A content Brad Mcgee

Turn and Face the Strain, Ch-Ch-Changes

As the days become weeks and the weeks become months, my retirement from professional cycling embeds itself into my consciousness. Liken this career to a lazy afternoon siesta, complete with white sheets and a cool breeze. It’s the very picture of contented happiness, and you can vision this major chapter of my life simply rolling over, contemplating its surrounds and deciding to go make some coffee.
The next chapter is soon to begin. Best to keep this nap short, keep on the toes and keep in the game you have grown to adore. Only this time round the stress heads north, away from the burning quadriceps the tension spreads itself clean across the frontal lobe. After jumping both feet forward into the position last October (at a Team Management Summit during the Road World Championships in Varese) the learning swiftly began. Firstly, the Job Description! Anyone? You up the back there chewing gum…. was that a hand in the air? No, just a mozzie. Yes well, anyone else? You? No nothing to do with sports shoes. Not easy is it? Just how does one describe the practises of a Pro Cycling Director Sportif?
 A content Brad Mcgee
Driving a car in the convoy, the most evident image for most, would be in my short experience just the tip of a very wide and deeply submerged iceberg. The fact that it is an almost description-less profession opens itself up to a wide array of expressions, of which I have witnessed and worked with many during my racing career. Ranging from the lightly interested, clock on clock off type guy, to the tragic, his very existence demanding a topographic map in the back pocket, long telephone calls to ‘anyone’ discussing the latest preposterous UCI regulations and a ready delight to narrate a former success many times over, again and again to anyone who will listen.
Without doubt or hesitation I can confirm the job is and I am sure will remain, thrilling and challenging. I relish the personal side-step out of the lime light and the arrival into the ‘real world’ feeling not only myself, but my many friends and family must also have had quite enough of my racing exploits. I well appreciate just how stressful sports are from the sidelines. It is time to share the love. In our team we divide the 28 riders between our five directors thus giving a direct contact person to each rider.
Us directors guide training and race programs, ensure that the anti-doping ‘whereabouts’ forms are submitted (a pain in the arse but essential) and that no admin or other issues hinder the rider’s preparations. There is interaction with race organisers and rider managers plus a host of other issues that build up with rapid intensity before me, like the lights of a great Aussie road train. Then a reality check kicks in, a deep breath, a talk with a colleague and back on with the learning. All of my designated riders have a track racing background. They range from young Johnny Bellis from the UK, aged 20, to my old mate Stuey O’Grady. I have more Aussie flavour with Matt Goss plus JJ Haedo from Argentina and two young Danish Olympic Silver Medallists, Alex Rasmussen and Michael Morkov. Quite a diverse mix of riders by geography, age and experience, but something essential to our team’s dynamics.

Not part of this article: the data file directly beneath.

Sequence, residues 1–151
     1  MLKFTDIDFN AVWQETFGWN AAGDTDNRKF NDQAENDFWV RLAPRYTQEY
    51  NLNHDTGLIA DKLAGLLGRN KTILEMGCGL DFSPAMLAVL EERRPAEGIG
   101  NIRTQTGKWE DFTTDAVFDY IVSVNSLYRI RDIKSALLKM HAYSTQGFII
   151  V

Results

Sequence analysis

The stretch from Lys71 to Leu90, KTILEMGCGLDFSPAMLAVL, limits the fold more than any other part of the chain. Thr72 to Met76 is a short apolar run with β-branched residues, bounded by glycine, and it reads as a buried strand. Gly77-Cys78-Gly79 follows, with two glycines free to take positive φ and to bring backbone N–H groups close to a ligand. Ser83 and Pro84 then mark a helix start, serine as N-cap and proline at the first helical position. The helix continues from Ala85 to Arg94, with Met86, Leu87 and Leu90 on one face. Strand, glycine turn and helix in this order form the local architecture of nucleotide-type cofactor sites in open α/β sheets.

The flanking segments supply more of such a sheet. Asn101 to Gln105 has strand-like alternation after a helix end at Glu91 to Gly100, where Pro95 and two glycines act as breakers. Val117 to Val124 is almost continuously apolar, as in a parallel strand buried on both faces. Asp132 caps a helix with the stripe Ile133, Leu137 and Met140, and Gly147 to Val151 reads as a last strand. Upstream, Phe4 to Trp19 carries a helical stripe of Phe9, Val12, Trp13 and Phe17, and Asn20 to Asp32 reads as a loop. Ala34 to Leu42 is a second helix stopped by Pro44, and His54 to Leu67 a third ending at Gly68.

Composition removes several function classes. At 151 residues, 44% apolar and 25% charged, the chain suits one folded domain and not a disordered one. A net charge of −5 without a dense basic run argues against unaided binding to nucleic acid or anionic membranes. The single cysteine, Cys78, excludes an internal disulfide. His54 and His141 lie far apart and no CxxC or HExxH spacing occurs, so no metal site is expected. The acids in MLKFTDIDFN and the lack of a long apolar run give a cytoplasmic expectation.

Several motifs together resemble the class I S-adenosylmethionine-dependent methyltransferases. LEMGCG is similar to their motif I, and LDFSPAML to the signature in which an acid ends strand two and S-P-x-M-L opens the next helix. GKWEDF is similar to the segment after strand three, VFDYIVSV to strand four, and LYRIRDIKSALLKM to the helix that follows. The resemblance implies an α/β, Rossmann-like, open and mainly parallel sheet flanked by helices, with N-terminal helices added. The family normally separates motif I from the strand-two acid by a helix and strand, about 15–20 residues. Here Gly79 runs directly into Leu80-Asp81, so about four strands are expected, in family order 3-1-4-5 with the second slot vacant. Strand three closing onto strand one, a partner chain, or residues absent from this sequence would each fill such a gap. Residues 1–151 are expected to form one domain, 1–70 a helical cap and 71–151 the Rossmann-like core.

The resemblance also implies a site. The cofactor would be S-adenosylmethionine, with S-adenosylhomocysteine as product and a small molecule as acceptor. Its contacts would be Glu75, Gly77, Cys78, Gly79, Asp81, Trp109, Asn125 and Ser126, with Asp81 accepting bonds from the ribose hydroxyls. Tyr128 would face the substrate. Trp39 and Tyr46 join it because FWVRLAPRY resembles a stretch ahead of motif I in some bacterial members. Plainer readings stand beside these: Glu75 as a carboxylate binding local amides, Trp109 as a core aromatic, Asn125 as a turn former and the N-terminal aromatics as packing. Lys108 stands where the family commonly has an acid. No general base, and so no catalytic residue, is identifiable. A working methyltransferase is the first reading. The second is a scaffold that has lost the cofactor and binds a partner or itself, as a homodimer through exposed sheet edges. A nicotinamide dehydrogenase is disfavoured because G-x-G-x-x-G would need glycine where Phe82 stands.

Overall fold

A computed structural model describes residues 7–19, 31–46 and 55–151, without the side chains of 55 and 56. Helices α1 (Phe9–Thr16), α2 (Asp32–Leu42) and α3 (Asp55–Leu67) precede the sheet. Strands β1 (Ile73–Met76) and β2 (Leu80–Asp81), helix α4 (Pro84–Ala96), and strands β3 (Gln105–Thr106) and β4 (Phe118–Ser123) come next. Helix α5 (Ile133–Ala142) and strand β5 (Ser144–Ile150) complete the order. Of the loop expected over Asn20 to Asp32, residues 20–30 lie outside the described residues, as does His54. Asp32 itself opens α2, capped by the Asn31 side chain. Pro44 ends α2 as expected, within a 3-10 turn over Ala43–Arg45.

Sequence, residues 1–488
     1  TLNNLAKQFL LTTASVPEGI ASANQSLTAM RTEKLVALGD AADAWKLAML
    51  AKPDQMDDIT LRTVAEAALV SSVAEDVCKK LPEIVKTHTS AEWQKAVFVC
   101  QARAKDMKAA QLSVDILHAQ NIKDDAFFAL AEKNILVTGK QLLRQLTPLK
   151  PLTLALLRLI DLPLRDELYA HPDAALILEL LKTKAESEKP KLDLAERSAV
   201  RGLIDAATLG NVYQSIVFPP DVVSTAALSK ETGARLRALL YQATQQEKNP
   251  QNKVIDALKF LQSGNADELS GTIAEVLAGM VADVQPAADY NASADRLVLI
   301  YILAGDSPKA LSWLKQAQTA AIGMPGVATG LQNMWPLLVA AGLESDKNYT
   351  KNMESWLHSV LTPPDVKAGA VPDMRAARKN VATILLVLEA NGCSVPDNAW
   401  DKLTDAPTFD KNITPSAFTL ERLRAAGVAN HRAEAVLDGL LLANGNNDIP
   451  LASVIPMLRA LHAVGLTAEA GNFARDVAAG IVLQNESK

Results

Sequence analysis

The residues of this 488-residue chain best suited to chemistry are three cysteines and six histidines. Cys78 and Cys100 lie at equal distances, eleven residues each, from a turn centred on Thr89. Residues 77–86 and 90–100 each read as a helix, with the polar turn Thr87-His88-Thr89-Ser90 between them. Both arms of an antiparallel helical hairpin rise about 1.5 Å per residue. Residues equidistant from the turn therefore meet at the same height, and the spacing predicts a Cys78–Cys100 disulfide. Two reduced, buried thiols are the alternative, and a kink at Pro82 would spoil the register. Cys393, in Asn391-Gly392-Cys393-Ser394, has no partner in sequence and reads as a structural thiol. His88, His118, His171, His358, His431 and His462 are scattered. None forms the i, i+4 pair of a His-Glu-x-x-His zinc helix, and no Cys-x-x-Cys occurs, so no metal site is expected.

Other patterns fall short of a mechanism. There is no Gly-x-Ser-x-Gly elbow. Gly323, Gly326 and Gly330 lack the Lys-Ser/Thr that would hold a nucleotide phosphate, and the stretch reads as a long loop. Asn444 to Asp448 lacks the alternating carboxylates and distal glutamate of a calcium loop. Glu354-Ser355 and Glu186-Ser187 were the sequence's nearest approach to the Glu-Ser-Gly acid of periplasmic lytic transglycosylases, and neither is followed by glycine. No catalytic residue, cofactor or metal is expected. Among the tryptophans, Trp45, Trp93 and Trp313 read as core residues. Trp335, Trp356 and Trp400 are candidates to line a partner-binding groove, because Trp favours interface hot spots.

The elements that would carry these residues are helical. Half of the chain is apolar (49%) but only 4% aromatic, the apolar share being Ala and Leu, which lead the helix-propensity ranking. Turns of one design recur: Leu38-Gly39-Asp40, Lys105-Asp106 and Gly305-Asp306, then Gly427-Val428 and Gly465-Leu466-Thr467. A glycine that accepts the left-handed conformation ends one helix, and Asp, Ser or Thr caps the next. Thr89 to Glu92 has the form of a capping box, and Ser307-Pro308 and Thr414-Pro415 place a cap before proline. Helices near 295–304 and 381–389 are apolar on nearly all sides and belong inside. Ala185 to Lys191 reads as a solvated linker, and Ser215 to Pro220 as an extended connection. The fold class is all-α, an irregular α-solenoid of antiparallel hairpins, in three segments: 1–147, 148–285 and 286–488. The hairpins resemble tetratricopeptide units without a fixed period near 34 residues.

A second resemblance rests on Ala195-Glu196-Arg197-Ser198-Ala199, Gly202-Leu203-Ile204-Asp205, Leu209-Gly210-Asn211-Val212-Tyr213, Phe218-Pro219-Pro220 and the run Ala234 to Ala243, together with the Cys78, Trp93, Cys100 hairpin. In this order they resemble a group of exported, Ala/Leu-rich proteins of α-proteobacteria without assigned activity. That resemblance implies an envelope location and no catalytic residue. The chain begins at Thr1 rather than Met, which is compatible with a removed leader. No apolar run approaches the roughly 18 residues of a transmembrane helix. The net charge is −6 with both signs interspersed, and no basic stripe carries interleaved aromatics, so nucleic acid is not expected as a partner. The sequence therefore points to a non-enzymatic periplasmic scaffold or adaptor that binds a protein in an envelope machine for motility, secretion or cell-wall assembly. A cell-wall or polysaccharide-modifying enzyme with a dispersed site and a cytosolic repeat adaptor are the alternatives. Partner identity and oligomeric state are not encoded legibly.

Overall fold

This outfit employs twice as many staff as many other pro teams. Working with people is a big aspect of our organisation and the reason for the now in famous, Team Survival Camp staged each November for all staff. Even our portly bus driver and not so young doctors are lined up, clothed in militia greens and sent packing for four days in the wilderness with not much food, not much sleep and not much energy come conclusion.
This past camp was in Denmark and included walking (though the night with a small light, small map, small idea of where to go and very large dogs with angry handlers hiding in bushes), precision driving, pistol shooting, fire fighting, sea rescue, walking, search and rescue with oxygen mask in a rabbit warren (!), more walking, stripping down to next to nothing and wading out to your neck to be scooped up by a flying power boat in freezing cold seas. Then there’s more walking, being attacked by a police dog wearing an arm guard, first aid, walking, 16 hours of sailing (damn hard but amazing!) and finished off with small Olympic sail boat races. Sounds pointless? Not at all, as for the few days pushed under load, stressed, fatigued and frightened, all characters are put on the table.
Each person displays their true selves and all the others can see them for just that. These camps act as a short cut to the inner-being that would otherwise take months if not years to be displayed and this is, I am sure, a major influence in the team’s ability to function as one strong unit throughout the racing season. So now after all these years on the receiving end it’s my turn to support and guide others to their chosen goals. Working with Bjarne Riis’ outfit, the ‘best team in the world’ is truly a once in a lifetime opportunity that was too good to pass up. The new job did indirectly end my racing career (as I had the choice to remain in the team as a rider), but I can only show gratitude for this. The siesta is over, the coffee tastes good and it’s time to go to work.


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